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Friday, December 3, 2010

Saint John the Hesychast and Sabbaite (+ 558)

St. John the Hesychast (Feast Day - December 3)
By St. Nikolai Velimirovich

John was a native of Nicopolis in Armenia and was the son of Encratius and Euphemia.

He was tonsured a monk at the age of eighteen and lived a strict and resolute life of asceticism, cleansing his heart by his many tears, fasting and prayer.

After ten years, he was appointed bishop of Colonia. By his example, he attracted his brother Pergamius and his uncle Theodore - both distinguished men at the imperial courts of Emperors Zeno and Justinian - to a God-pleasing life. Seeing the malice and intrigues of this world and his inability to put matters right, he abandoned his episcopal throne.

He disguised himself as a simple monk and went to the Monastery of St. Savva the Sanctified near Jerusalem. There he remained unknown for many years, conscientiously and capably completing every task that the abbot ordered him to do. For this, St. Savva recommended to Patriarch Elias that he ordain him a presbyter. When the patriarch wanted to ordain John, he confessed that he already possessed the rank of bishop. Then St. John closed himself in a cell and spent years and years in silence and prayer. Afterward he spent nine years in the wilderness feeding himself only on wild vegetables, and then he returned to the monastery.

He turned the faithful away from the heresy of Origen and contributed greatly to the condemnation and elimination of this heresy. He clearly discerned the spiritual world and healed people from sickness. Having conquered himself, he easily conquered demons.

Great in humility, might and divine wisdom, this servant of God entered peacefully into rest in the year 558 at the age of 104.

A Further Reflection

God hears the prayers of the righteous and fulfills them, sometimes immediately and completely, and at other times only later, at the appropriate time and according to the needs of the Church. In other words, in fulfilling the prayers of the righteous man, God has in mind either the man's salvation or the good of the whole Church.

St. John the Hesychast prayed to God to reveal to him how the soul separates from the body at death. While still at prayer, he was taken outside himself and had the following vision: A good man died in front of a church in Bethlehem, and angels took his soul from his body and carried it to heaven with sweet singing. Coming to himself out of his ecstasy, John immediately set out on the road from the Monastery of St. Savva the Sanctified to Bethlehem. When he reached Bethlehem, he saw the dead body of the man exactly as he had seen it in his vision.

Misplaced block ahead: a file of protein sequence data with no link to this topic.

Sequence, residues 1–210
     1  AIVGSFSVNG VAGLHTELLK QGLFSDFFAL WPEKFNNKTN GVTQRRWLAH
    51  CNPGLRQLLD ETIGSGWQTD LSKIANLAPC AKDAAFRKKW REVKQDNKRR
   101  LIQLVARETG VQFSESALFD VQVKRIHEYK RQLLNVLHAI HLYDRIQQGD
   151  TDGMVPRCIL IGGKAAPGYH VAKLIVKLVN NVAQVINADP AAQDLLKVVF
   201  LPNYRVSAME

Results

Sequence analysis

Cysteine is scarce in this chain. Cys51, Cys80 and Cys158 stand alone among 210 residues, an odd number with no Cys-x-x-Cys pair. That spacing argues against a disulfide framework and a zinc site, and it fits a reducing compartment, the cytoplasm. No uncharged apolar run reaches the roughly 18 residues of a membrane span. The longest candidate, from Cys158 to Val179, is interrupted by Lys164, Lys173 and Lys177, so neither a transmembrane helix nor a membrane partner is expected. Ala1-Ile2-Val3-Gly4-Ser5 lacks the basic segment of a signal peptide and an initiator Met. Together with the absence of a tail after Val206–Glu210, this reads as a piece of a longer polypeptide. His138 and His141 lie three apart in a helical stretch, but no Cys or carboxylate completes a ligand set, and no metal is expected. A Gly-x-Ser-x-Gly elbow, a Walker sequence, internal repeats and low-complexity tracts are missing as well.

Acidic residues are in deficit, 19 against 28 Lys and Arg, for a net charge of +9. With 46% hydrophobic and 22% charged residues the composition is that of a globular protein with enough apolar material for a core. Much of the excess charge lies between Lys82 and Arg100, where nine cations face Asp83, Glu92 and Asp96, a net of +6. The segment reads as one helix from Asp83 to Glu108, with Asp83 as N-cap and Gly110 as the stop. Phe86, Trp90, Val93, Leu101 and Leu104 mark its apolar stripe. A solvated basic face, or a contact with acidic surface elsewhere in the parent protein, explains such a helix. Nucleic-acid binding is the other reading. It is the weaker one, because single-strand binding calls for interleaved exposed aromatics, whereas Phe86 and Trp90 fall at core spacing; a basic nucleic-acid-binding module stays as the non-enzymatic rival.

When the great St. Savva the Sanctified died, John grieved and wept. Savva appeared to him in a vision and said: "Do not grieve, Father John, for even though I am separated from you in the body, nevertheless I am with you in the spirit." Then John begged him: "Father, pray to the Lord to take me with you." To this Savva replied: "For now, this cannot be. A great trial has yet to befall the Lavra, and God wants you to remain in the body to comfort and strengthen the faithful against the heretics." At first, John did not know what kind of heretics the holy father had spoken of, but he found out later, when the heresy of Origen began to shake the Church of God.


HYMN OF PRAISE: 
Saint John the Hesychast

John the Hesychast, God's laborer,
Walked through the wilderness as a lonely hermit,
Until someone cried out: "The barbarians are coming!
Behold how the dust rises up on the road!
They are near, very near; rise up, rise!"
"Let them be near, but God is nearer!"
John said to him, and did not move.
And when misfortune sought to overtake him,
A lion appeared, sent by God,
And began to fiercely roar at the enemy.
The horde fled; John did not move.
He competed with the severe wilderness,
He competed with her in stillness,
And in dryness and solitude.

"Pascha is coming, how shall we greet it?
What shall we eat on the feast, Father?"
The disciple asked. And John said to him:
"To every creature, God gives food."
When the Radiant Feast of Christ dawned,
An angel suddenly appeared as a man before the saint;
Bread, wine and honey he brought.
The disciple, when he beheld the miracle,
Wept at his lack of faith,
And glorified God and God's saint.

Apolytikion in the Plagal of the Fourth Tone
You are a guide of Orthodoxy, a teacher of piety and modesty, a luminary of the world, the God inspired pride of monastics. O wise John, you have enlightened everyone by your teachings. You are the harp of the Spirit. Intercede to Christ our God for the salvation of our souls.
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